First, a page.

Quanta | 12 min read

Source: Physical Review Letters paper

COVID-19 coronavirus outbreak

We are nowhere near herd immunity

Even in the hardest-hit parts of the world, many fewer people have been infected than would be needed to achieve the herd immunity that might slow — but not stop — the outbreak. Serology surveys in places including Wuhan, Madrid and London have tested a cross-section of the population for antibodies against the disease. So far, the highest rate of infections found is around 20%, in New York City. That is well below the required level — something more like 60% (maybe) — to achieve herd immunity. There are many caveats around how the surveys are done and the accuracy of the antibody tests. And we don’t know for sure whether a past infection will give a person immunity, or to what extent.

The New York Times | 8 min read

Lockdown lessons from space

NASA scientists are experts in remote working, social isolation and quarantine. Researchers who ‘work remotely’ with spacecraft millions of kilometres away, astronauts who volunteer to be separated from their families and psychologists who train space-farers for the challenge share their insights. Try to maintain, as much as possible, the structure of work and your productivity, advises operational psychologist James Picano. Astronauts feel best when they are working on their mission, no matter what adversity they are facing, he says.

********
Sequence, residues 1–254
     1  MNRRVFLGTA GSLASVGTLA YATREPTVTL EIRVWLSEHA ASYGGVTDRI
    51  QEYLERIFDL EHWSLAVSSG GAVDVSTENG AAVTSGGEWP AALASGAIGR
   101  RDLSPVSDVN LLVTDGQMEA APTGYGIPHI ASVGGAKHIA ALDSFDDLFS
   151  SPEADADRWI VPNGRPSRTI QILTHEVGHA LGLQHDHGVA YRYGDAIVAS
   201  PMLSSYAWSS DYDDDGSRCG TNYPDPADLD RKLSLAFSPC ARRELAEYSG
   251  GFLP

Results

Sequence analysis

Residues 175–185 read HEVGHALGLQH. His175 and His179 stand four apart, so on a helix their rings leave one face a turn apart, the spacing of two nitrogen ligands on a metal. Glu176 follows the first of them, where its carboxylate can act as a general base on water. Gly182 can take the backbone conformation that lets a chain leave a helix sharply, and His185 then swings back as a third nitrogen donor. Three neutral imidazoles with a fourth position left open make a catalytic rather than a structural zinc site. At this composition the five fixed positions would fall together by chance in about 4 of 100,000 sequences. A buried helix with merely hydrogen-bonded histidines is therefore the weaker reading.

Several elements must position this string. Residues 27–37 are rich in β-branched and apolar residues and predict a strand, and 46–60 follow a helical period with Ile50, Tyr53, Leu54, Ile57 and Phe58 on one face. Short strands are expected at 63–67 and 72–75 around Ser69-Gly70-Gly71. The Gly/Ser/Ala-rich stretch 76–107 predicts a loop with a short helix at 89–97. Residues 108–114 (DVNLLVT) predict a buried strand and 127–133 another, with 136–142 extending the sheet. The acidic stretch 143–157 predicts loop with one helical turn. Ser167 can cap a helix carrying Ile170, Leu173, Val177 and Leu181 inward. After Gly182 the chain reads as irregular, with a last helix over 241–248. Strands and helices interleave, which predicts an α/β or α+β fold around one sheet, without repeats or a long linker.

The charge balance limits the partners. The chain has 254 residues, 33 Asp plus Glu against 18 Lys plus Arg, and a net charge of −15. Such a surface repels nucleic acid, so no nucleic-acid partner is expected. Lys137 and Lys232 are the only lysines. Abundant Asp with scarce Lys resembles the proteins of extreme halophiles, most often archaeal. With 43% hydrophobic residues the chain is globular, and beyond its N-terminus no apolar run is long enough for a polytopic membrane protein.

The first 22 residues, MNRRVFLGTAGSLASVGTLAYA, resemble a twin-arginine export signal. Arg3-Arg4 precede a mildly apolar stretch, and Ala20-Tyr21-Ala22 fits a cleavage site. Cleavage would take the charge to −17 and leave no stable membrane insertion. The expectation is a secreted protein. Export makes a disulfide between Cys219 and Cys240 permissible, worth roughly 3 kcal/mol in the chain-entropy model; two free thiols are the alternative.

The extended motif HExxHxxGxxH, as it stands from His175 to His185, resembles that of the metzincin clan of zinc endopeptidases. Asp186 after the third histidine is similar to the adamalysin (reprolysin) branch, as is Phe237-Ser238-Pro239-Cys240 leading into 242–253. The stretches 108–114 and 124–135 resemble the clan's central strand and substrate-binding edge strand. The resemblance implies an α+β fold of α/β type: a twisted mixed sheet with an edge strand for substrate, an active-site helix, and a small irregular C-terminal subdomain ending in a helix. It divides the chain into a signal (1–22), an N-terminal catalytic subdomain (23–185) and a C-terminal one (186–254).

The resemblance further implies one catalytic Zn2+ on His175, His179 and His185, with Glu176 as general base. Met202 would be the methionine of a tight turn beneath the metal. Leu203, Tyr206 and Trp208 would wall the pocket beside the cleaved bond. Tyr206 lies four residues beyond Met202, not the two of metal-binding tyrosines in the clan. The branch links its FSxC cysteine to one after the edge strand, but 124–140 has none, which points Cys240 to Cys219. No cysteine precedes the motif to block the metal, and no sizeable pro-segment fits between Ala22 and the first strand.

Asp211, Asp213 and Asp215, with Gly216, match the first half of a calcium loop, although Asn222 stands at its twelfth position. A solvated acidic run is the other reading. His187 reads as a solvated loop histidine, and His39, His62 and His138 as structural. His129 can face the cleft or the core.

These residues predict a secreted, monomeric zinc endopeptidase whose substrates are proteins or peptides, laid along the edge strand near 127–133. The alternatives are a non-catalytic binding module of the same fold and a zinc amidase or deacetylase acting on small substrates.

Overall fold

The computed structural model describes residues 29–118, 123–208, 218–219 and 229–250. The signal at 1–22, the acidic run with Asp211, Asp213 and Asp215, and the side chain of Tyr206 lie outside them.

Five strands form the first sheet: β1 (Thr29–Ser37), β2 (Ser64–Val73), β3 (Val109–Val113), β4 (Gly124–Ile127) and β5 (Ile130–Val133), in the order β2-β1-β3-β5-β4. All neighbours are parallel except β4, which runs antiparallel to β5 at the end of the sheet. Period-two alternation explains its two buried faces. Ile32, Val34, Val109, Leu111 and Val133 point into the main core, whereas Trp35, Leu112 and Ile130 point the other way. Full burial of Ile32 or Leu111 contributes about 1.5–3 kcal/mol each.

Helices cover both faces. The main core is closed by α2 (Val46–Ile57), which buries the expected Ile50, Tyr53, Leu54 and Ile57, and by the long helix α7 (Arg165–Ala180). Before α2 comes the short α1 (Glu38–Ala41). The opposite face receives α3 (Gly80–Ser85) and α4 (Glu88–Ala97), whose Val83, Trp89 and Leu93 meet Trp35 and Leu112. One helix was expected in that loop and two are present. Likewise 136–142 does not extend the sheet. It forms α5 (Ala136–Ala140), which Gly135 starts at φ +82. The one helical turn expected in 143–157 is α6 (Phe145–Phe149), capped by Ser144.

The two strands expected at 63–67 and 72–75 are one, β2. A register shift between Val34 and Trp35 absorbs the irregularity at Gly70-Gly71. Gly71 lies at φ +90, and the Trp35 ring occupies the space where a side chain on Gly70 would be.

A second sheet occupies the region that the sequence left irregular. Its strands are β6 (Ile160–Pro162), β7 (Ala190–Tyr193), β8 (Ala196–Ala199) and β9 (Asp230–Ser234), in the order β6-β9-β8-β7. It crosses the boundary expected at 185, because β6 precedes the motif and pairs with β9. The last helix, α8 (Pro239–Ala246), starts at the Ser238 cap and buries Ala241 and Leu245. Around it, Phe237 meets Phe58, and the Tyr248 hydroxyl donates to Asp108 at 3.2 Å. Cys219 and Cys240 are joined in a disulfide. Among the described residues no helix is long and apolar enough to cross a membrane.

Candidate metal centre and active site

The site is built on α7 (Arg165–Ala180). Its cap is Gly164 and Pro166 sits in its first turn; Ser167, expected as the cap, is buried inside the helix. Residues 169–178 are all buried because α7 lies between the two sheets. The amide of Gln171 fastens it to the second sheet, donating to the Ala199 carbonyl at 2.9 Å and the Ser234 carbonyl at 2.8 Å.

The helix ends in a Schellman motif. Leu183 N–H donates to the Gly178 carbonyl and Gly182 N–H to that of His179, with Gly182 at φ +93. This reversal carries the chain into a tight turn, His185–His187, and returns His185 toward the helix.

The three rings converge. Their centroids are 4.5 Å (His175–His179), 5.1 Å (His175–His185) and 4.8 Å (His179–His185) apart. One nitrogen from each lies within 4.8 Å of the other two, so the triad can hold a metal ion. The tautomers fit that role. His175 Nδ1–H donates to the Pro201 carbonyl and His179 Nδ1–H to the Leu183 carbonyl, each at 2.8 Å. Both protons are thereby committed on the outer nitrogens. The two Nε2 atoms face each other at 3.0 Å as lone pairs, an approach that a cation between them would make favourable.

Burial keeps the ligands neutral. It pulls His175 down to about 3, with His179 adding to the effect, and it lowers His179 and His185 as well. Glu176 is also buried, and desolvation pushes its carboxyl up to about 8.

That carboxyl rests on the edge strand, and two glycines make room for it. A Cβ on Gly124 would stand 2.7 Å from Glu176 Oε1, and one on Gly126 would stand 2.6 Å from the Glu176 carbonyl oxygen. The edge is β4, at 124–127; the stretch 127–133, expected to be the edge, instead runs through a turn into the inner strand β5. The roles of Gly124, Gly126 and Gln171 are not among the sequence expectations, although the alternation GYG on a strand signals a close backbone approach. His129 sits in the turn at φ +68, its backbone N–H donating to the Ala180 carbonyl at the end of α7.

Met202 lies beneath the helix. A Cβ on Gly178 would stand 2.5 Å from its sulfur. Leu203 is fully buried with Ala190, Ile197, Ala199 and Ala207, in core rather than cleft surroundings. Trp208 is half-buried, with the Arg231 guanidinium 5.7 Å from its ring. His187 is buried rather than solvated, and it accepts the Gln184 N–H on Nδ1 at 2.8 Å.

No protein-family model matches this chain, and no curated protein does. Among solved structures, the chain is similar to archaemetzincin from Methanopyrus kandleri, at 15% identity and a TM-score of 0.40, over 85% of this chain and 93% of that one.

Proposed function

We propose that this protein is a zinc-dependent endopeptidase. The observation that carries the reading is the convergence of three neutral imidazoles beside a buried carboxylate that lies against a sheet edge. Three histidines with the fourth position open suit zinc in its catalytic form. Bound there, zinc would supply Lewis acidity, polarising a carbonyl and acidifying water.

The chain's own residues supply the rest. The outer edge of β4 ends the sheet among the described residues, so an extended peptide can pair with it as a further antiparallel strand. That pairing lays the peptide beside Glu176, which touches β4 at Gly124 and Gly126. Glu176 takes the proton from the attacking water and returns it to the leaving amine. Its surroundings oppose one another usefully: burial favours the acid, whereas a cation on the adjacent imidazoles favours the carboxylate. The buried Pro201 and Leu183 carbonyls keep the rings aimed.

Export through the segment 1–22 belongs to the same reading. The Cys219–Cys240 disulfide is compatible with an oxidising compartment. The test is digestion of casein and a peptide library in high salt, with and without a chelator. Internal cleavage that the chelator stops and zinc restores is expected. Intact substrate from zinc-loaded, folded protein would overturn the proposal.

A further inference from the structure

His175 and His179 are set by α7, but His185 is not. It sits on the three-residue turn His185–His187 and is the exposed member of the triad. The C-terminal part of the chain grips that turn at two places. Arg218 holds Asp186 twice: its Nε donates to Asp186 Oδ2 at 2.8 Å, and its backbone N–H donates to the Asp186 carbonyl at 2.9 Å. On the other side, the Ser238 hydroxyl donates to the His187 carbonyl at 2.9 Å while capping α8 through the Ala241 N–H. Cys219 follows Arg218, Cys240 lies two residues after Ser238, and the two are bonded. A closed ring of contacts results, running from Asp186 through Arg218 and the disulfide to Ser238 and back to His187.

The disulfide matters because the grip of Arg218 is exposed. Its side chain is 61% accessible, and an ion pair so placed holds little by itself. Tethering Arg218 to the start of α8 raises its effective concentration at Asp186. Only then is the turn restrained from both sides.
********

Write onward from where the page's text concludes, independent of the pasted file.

Nature | 7 min read

Kiss that coffee pot goodbye

Temperature and symptom checks, plastic desk shields, no hand shakes or fist bumps, and face coverings worn at all times — these are some of the sweeping recommendations from the US Centers for Disease Control and Prevention for a return to offices during the pandemic. “Replace high-touch communal items, such as coffee pots, water coolers, and bulk snacks, with alternatives such as prepackaged, single-serving items,” the guidelines say.